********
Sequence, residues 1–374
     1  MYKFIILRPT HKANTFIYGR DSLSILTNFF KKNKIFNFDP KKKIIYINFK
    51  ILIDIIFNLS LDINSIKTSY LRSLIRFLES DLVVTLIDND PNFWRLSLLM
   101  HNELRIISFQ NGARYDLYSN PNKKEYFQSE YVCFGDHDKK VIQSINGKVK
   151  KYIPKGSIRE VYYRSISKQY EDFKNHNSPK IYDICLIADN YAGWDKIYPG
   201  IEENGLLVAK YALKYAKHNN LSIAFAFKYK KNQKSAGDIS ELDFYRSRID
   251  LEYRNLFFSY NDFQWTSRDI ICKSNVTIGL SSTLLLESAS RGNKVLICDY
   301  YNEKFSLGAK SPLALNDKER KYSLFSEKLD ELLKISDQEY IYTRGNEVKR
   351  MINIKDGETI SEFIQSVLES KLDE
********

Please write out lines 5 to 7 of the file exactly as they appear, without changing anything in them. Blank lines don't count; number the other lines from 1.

   151  KYIPKGSIRE VYYRSISKQY EDFKNHNSPK IYDICLIADN YAGWDKIYPG
   201  IEENGLLVAK YALKYAKHNN LSIAFAFKYK KNQKSAGDIS ELDFYRSRID
   251  LEYRNLFFSY NDFQWTSRDI ICKSNVTIGL SSTLLLESAS RGNKVLICDY